Justices seem sympathetic to immigrant in deportation case

WASHINGTON (AP) — The Supreme Court seems sympathetic to a Mexican immigrant facing deportation after he was convicted of having consensual sex with an underage girl.

The case before the justices on Monday involved Juan Esquivel-Quintana, a lawful permanent resident who had sex with his 16-year-old girlfriend when he was 20 and 21 years old.

That was a violation of California law, which criminalizes having sex with anyone under 18 if the age difference is more than three years. Federal officials later moved to deport him, but Esquivel-Quintana says his conduct would have been legal under federal law and the laws of 43 other states that are less strict.

The case comes at a time when the Trump administration has pledged to step up enforcement of the nation's immigration laws, including its ability to deport people who commit crimes.

 At issue is what happens when immigration laws are unclear and whether courts should defer to immigration officials in interpreting criminal laws that are vague.

Several justices seemed reluctant during arguments in the case to defer to the government when it comes to criminal enforcement.

Justice Elena Kagan said it didn't seem right to flesh out immigration law using the strictest state law available. She said the case was "like a freshman in college going out with a junior in college."

 Justice Anthony Kennedy said courts normally defer to federal agencies to interpret the laws they enforce, but questioned whether that extends to criminal laws.

But Justice Samuel Alito said it looked like a classic example of Congress realizing there are a variety of state laws covering sex abuse and leaving it up to the attorney general to decide how far federal immigration law should go.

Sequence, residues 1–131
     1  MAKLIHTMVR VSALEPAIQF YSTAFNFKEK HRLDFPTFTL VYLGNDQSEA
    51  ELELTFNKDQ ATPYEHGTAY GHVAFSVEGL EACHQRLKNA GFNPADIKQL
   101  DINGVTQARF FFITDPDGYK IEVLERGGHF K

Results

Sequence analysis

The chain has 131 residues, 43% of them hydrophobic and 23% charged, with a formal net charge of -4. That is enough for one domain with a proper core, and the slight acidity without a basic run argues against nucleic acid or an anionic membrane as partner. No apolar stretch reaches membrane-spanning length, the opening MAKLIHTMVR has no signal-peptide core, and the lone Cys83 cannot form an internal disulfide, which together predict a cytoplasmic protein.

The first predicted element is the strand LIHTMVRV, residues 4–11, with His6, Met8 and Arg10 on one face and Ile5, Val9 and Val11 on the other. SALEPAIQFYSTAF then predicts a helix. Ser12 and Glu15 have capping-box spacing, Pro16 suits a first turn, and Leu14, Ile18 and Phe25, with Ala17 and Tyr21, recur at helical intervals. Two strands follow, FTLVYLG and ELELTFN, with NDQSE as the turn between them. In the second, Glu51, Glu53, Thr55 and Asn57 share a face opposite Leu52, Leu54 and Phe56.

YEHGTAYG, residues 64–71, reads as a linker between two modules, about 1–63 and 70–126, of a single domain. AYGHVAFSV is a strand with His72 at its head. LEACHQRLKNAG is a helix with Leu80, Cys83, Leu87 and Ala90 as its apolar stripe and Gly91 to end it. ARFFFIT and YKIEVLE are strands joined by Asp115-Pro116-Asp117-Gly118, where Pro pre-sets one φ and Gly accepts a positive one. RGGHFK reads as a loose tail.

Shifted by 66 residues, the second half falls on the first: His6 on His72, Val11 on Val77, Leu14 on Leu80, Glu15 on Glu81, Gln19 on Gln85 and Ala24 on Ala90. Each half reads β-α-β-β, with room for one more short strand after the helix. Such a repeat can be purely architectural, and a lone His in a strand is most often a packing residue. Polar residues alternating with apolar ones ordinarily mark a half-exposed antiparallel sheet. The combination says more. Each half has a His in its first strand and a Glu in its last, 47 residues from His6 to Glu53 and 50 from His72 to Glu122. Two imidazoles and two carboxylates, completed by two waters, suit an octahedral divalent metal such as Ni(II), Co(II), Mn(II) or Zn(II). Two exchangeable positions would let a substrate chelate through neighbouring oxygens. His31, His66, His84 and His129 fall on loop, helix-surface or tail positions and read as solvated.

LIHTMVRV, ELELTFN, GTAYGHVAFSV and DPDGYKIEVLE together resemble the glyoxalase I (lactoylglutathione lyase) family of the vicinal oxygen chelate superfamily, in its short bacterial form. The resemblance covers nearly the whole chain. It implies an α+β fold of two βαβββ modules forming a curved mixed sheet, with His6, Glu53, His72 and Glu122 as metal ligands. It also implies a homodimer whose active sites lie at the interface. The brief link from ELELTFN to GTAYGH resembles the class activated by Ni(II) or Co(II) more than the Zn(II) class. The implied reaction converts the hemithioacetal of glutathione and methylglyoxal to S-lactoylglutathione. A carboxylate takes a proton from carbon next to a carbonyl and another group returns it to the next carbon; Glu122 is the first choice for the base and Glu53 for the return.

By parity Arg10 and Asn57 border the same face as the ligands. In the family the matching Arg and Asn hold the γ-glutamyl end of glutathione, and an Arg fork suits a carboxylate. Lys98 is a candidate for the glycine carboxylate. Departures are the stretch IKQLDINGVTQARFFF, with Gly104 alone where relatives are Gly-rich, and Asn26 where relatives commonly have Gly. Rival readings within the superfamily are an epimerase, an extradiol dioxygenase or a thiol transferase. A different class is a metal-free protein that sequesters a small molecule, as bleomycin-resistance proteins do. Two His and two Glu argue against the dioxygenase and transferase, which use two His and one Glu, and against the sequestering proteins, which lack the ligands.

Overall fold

Esquivel-Quintana moved to the United States with his family when he was 12 and became a lawful permanent resident. He pleaded no contest to the California charges and was sentenced to 90 days in jail.

When he moved to Michigan, the federal government began deportation proceedings. Immigration officials said he was convicted of "sexual abuse of a minor" — an offense that subjected him to deportation under immigration laws.

An immigration judge said he should be deported and the Board of Immigration Appeals agreed. A divided federal appeals court affirmed that ruling.

 Arguing for Esquivel-Quintana, lawyer Jeffrey Fisher said it would be unfair to punish his client for actions that are legal in most of the country. He said it would be a "dramatic departure" to defer to the board's interpretation of a criminal statute.

Justice Department attorney Allon Kedem, representing the Trump administration, said drawing a line in the case was "very difficult" and called it a "strong reason to defer to the board."

 Justice Sonia Sotomayor said that many civil laws also include criminal sanctions. She seemed concerned about a broad ruling that might whittle away the principle that courts defer to federal agencies.

But Justice Stephen Breyer noted that when Congress passed the immigration statute in the mid-1990s, there was a federal law on the books defining sexual abuse of a minor that would not cover Esquivel-Quintana. Why not just assume Congress intended the immigration law to have the same definition — "end of case," he said.

A ruling is expected by the end of June.

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